If you think you would like to start a meditation group, reading our book on starting groups, A Pearl of Great Price, by Fr. Laurence, is a very comprehensive guide for your discernment. If you decide to start one, you may email Gene Bebeau (email@example.com) for an application to have your group listed and receive mailings that we provide to group leaders.
Fr. Laurence’s Lenten Reflections (Wednesday Holy Week)
While they were eating he said, ‘I tell you solemnly, one of you is about to betray me’.
If we do not run the risk of betrayal we can never learn to love. The risk, however, runs in both directions: we can be betrayed by those in whom we place an absolute trust. These are the people with whom – and through whom – we become most vulnerable. They are also those who can bring us to the greatest happiness. But the risk is equally that we may betray those we love. We do not like to think of ourselves as traitors and often it is unwittingly as well as unwillingly that we do betray those who made themselves vulnerable to and through us. Then we find excuses for our betrayal or we deny what we have done or we try to underestimate the gravity of its impact. “It was a one-off, don’t take it so seriously”. To be let down or let another down is always forgivable but rarely is it instantly forgivable.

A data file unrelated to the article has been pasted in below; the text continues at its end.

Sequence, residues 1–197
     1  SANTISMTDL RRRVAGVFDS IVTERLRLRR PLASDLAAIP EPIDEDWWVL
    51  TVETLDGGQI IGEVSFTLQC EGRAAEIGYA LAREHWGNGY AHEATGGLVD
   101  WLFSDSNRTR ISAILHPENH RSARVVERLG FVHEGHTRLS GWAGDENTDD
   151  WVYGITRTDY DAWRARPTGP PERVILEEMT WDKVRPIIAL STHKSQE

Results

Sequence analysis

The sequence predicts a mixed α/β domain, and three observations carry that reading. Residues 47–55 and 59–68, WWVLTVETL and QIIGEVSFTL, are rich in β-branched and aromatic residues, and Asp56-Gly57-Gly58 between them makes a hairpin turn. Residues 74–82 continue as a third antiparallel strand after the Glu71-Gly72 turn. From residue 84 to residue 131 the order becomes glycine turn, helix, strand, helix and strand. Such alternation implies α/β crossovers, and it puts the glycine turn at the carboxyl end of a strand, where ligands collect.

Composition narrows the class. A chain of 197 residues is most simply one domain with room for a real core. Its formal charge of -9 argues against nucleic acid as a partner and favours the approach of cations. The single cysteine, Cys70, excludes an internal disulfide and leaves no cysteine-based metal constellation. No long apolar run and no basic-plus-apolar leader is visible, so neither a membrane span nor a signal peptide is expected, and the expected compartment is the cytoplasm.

Once we have been betrayed - or once we betray - the damage is done. The secret is, as Jesus shows, to be wholly open about it and to confront the denial that accompanies this most shameful and humiliating of failures in all personal affairs. In effect, we are only betrayed if we allow ourselves to be betrayed. To refrain from recoiling and rejecting in reaction to being let down or rejected is to keep the channel of healing open at the very moment that the wound is inflicted.
It is strange that this most human and painful aspect of human relationships should open the door to the nature of divinity and our own divinisation.